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Habitat for Humanity featured among 12 high-impact nonprofits in new book

New book “Forces of Good” explores characteristics shared among successful nonprofits

AMERICUS, Ga. (Sept. 26, 2007) – Habitat for Humanity is featured among the nation’s best nonprofits in a survey of nearly 3,000 nonprofit CEOs and 60 expert interviews conducted for the new book, “Forces for Good: The Six Practices of High-Impact Nonprofits,” scheduled to be published by Jossey-Bass on Oct. 26, 2007.

Long-time nonprofit consultants Leslie Crutchfield and Heather McLeod Grant surveyed thousands of nonprofit leaders, conducted in-depth expert interviews and analyzed reams of data in studying successful nonprofits and selecting the 12 organizations featured in their book. They then studied these groups for several years to uncover their secrets to success. The practices they discovered can serve as a roadmap for anyone seeking to get involved in similar work.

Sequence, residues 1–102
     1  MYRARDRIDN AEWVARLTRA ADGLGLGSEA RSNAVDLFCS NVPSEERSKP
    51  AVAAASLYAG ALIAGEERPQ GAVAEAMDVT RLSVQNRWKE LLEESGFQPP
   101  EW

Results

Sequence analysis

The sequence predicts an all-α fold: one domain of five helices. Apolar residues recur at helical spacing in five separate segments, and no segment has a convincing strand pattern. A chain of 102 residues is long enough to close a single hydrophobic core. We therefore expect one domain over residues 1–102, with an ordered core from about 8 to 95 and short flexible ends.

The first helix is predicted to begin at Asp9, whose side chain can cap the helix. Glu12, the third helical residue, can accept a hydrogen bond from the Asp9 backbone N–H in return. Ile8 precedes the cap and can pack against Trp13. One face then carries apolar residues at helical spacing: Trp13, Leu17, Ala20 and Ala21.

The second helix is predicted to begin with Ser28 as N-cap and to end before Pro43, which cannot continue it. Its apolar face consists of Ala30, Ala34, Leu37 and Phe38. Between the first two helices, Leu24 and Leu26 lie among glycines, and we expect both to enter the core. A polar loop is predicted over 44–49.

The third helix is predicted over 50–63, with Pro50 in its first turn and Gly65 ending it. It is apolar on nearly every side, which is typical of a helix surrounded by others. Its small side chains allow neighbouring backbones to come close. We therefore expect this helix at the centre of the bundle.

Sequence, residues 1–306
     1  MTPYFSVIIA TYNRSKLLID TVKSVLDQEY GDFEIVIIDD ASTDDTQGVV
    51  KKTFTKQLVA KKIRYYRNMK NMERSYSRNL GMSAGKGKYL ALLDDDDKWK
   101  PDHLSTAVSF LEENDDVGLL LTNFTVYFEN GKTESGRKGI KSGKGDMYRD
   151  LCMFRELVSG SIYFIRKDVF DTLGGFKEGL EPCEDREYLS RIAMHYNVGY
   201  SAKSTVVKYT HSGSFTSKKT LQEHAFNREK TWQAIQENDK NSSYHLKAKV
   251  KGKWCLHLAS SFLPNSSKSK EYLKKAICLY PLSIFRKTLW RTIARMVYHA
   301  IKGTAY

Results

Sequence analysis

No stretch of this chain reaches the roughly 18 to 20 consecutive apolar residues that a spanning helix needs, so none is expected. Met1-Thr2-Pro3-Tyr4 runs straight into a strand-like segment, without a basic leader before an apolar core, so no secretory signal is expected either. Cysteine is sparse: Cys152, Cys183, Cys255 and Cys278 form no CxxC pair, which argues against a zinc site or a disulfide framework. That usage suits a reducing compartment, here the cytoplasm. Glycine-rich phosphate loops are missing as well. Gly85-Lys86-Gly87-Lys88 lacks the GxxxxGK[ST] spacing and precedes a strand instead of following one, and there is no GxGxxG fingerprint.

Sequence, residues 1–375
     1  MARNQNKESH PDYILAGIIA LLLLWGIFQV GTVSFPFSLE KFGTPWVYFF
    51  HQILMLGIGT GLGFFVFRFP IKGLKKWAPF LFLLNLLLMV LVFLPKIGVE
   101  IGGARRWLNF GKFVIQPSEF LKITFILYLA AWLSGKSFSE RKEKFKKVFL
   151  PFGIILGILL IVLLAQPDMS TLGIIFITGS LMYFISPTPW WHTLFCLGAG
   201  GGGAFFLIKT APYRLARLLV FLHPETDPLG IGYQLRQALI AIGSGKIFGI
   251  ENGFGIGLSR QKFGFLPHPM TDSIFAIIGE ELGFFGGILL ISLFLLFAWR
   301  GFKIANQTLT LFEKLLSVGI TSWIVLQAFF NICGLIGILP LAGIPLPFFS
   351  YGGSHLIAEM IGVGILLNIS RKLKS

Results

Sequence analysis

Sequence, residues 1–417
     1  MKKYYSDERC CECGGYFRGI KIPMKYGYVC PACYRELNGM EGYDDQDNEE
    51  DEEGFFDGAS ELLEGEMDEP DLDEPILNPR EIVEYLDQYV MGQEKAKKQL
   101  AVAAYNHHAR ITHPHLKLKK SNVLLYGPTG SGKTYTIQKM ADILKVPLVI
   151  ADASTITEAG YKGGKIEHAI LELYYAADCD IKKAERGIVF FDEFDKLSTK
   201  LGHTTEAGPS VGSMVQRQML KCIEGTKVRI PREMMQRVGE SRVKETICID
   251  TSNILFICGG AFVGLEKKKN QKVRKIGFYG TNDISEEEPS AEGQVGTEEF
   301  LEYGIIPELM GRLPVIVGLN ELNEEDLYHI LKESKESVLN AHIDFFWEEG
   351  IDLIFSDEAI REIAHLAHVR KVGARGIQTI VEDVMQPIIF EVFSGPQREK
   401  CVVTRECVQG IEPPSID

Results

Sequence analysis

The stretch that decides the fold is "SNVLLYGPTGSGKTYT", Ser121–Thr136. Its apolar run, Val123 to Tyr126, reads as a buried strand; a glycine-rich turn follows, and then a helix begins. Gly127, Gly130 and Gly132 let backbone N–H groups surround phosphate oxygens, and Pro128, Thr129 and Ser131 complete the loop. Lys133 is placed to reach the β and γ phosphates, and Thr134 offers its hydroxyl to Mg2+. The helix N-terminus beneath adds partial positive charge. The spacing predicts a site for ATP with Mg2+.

As the title suggests, the authors have attributed the following six powerful practices to Habitat and other high-impact nonprofits.
• Work with government and advocate for policy change;
• Harness market forces and see business as a powerful partner;
• Encourage individual supporters to become ambassadors for the cause;
• Build and nurture relationships with other nonprofit networks;
• Adapt to the changing environment; and
• Share leadership, empowering others to be forces for good, too.

In addition to Habitat, the new book features America’s Second Harvest, Center on Budget and Policy Priorities, City Year, Environmental Defense, Exploratorium, The Heritage Foundation, National Council of La Raza, Self-Help, Share Our Strength, Teach For America and YouthBuild, USA.

Visit for additional information about the book or research.

About Habitat for Humanity International
Habitat for Humanity International is an ecumenical Christian ministry that welcomes to its work all people dedicated to the cause of eliminating poverty housing. Since its founding in 1976, Habitat has built more than 225,000 houses worldwide, providing simple, decent and affordable shelter for more than 1 million people. For more information, visit